1

I'm migrating the Salesforce org of a company we acquired into ours. The company we acquired used the quote object in Salesforce but we don't. I would still like to migrate the Quote PDF files attached to each quote and attach them to the opportunity.

I've already done a Data Export of their org and was able to import all attachments and documents from their instance. The Quote PDFs were not included in the attachments folder of the data export though.

I'm looking for a way to extract all Quote PDFs stored on the quote object.

3

It's located in an object called QuoteDocument. The Document field contains the binary data (encoded in Base64), while the rest of it contains some basic information, like the total, quote ID, and so on. You'll need to pull this file out using the data loader, as it appears that the standard export doesn't include this data (at least, not by default). It should be a trivial export process:

Query 1:

SELECT Id, Document, Name, QuoteId FROM QuoteDocument

Query 2:

SELECT Id, OpportunityId FROM Quote

Next:

Link the two spreadsheets together, and add a few columns, so that you have: ParentId (OpportunityId), Body (Document), Name (Name), ContentType (application/pdf).

2

I've looked into the same requirement and, as far as I can see, there is no way to export the Quote PDF as a document and, while sfdcfox's queries will allow you to export them as Base64-encoded data in a CSV, you're unable to re-import them to a new org because the data exceeds the field size limit when you try to initialise the CSV file in Dataloader. This seems insurmountable.

I'd be intrigued to know if anyone manages to find a workaround for this; in the meantime, I've added an idea in the Ideas Exchange, which you might consider giving a vote to:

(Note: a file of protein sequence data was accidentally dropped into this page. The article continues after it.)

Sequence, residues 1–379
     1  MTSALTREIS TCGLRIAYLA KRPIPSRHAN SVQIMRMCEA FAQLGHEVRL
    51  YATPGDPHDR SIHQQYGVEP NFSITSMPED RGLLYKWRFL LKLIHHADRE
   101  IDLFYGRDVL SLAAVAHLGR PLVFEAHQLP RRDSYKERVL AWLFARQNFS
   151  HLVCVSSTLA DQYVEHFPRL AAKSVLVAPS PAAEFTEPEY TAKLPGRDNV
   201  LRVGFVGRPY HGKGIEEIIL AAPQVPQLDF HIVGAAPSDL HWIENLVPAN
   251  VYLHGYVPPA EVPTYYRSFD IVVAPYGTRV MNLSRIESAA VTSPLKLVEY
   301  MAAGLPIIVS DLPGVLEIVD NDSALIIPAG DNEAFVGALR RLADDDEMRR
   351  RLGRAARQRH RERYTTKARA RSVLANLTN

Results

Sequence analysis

https://success.salesforce.com/ideaView?id=08730000000l3TqAAI

-1

How to export the Quote PDF file and read convert it from Base64 back to PDF using Linux command Line

  1. Use Dataloader and export the QuoteDocument object with all fields and data

  2. Use text editor, TextPad to open the csv file. Don’t use Notepad because it cannot handle the large size data and truncates it.

  3. TextPad can handle the large data and respects any newlines characters, etc., when you open the file and also when you copy/paste the data.

  4. Go to a specific row in the data and select and copy the cell field string that contains the PDF Base64 encoded data. Make sure you select it all the way to the end – but do not include subsequent fields after it.

  5. Do not include subsequent fields after it.

  6. Select the string up to but do not include the quote " symbol.

  7. Copy/paste the string into a new TextPad window.

  8. Save the new TextPad to a file, for example, document1.txt

  9. Copy the docuemnt1.txt file to your Linux computer (you could use Dropbox for this).

  10. Open a Linux command line terminal window

  11. Run the base64 decode command (base64 is part of the coreutils package), $ base64 --decode ~/Dropbox/linux_stuff/Document1.txt > ~/Dropbox/linux_stuff/decoded1.pdf

  12. This command will read in the Document1.txt file and output the decoded PDF file to decoded1.pdf.

  13. You can now open the decoded1.pdf file as an PDF file.

  14. You can rename the decoded1.pdf file to whatever you want, i.e., back to the original file name that was attached in the original Salesforce Quote object record.

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